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Touring Chianti Classico with mapping guru Masnaghetti

To gain a greater understanding of its new Gran Selezione subzones, Sarah Heller MW takes a driving tour of Chianti Classico with the man behind the region’s most detailed maps, Alessandro Masnaghetti

Words by Sarah Heller MW

The Collection
Alessandro Masnaghetti talks Sarah Heller through his map of Chianti Classico

Since the Peutinger Map of Late Antiquity, Italy’s wine culture has been intimately tied to both its topography and man-made structures. Continuing the trend is Alessandro Masnaghetti, a figure at the centre of Italy’s modern mapping movement. Masnaghetti made his first map in the mid-1990s while working for famed wine critic Luigi Veronelli, melding his vast tasting experience with a data-driven mindset honed during a (brief) career as a nuclear engineer. These days, his Enogea newsletter produces wine maps and books, often in close coordination with local consorzi – layering the mutable boundaries of wine estates with minutely recorded geological, pedological, topographical and climatological particulars.

I was lucky enough to take a driving tour of Chianti Classico with Masnaghetti last summer, and it remains a highlight of the past year. Beyond leaving me punch-drunk with the beauty of these sun-glazed hills, it developed my comprehension of the new UGAs (Unità Geografica Aggiuntiva, or ‘additional geographic units’): subzones declared by the Consorzio for Chianti Classico’s Gran Selezione category back in 2021.

Alessandro Masnaghetti (Photo: Sarah Heller)

Roughly re-tracing Masnaghetti’s bike ride of the previous day, we depart San Donato in Poggio southwards, hoping to reach Castelnuovo Berardenga before returning north, an ambitious morning’s drive in a region spanning 50km north to south. The first distinction Masnaghetti draws is between ‘external’ and ‘internal’ Chianti Classico. He gestures at silvery olive groves, competing with vineyards even this far north. They mark warmer microclimates on the open, Mediterranean-facing western slope, generally lower in altitude. Across the roadway is a chillier ‘internal’ eastern slope but even western-facing internal slopes of Lamole and Radda UGAs across the Pesa Valley are relatively cool, he says.

As we pause in a rather precarious spot facing southwest towards Cispiano hamlet, Masnaghetti expands on another key factor: geology. While the northwestern-most UGA, San Casciano, has uniformly alluvial soils, most of the denomination has varied sedimentary geology: alberese (calcareous marls, which amplify Sangiovese’s structure) and sandstone, either macigno (non-calcareous sandstone, yielding wines of moderate colour and acidity but beautiful fragrance) or pietraforte (calcareous sandstone, whose still elegant Sangiovese has darker fruit and firmer structure). Alberese is most famous but also most diverse, snowy white in the popular imagination (hence the name) but grey, red or brown in reality; finely layered or piled in coarse blocks. Up where we are, purer limestone has left the slope steep with a thin, stony soil, favouring crisper fruit (try Villa Rosa, Masnaghetti’s recommendation), unlike the rolling hills of reddish, clay-heavy sediments below (try Rencine or Villa Cerna).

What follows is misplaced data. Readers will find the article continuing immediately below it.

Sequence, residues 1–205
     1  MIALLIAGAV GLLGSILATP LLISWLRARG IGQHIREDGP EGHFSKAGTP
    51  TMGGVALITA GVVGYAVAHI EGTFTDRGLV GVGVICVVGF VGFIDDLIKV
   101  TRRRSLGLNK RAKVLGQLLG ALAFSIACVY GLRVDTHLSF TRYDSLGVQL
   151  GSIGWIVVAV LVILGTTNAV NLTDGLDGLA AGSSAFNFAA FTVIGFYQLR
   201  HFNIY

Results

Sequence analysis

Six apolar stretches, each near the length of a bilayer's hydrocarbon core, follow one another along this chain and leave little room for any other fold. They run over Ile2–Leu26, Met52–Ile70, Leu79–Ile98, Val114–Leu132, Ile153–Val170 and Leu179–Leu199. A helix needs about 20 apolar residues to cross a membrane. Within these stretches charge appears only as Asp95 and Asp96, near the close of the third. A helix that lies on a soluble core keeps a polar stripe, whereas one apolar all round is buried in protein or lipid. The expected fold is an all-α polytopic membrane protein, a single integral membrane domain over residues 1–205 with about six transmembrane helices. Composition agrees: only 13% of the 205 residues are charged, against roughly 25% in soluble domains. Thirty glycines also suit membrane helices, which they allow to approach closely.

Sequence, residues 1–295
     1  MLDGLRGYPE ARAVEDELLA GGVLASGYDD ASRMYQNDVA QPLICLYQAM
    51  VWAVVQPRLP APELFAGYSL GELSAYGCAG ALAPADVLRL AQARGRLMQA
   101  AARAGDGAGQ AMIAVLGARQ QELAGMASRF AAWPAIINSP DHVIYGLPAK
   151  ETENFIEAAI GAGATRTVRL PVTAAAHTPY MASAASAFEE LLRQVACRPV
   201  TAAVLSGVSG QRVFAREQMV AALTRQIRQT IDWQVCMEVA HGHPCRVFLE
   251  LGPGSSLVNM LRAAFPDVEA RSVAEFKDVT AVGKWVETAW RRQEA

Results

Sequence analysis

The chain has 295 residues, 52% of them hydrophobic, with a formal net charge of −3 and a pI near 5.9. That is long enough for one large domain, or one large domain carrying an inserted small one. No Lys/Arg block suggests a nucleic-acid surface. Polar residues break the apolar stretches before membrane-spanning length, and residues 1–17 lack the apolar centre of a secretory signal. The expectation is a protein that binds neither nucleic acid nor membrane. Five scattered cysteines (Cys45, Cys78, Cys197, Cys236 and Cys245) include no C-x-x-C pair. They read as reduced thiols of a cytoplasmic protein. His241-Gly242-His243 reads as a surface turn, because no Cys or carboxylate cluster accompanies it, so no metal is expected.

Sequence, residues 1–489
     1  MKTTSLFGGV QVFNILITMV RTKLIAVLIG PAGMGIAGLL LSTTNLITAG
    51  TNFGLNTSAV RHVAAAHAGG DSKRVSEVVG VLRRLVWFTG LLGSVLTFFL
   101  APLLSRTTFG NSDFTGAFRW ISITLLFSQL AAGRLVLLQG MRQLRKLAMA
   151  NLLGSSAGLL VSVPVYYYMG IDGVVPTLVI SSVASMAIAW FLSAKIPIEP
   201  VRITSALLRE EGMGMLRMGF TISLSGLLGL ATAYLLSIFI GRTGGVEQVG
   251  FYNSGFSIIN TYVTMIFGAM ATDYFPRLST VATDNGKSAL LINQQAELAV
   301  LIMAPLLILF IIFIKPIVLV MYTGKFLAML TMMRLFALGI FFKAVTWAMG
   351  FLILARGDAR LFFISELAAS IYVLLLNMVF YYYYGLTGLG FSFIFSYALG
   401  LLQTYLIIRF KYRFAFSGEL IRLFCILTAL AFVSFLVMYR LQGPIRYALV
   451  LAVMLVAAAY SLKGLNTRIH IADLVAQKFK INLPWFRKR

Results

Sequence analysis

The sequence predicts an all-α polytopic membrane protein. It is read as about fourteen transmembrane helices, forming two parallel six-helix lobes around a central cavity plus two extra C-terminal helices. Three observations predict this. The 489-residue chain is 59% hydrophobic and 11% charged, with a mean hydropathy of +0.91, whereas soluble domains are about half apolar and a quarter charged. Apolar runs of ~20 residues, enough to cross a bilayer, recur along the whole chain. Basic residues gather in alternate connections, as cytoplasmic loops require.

An aerial view of San Donato in Poggio

Dropping down to an eastward-facing slope overlooking Panzano and the Monti del Chianti behind it, we’re suddenly engulfed in pines and especially oaks, many comically petite – ‘roverelle’ in local parlance – thanks to impoverished, rocky soil. The trees and the shaded, narrow valley create a decidedly crisp microclimate. Masnaghetti points out the Monte San Michele, the highest of the chain (around 893m asl), a cooling influence in the region – though it remains largely unplanted since the appellation’s upper limit is 700m.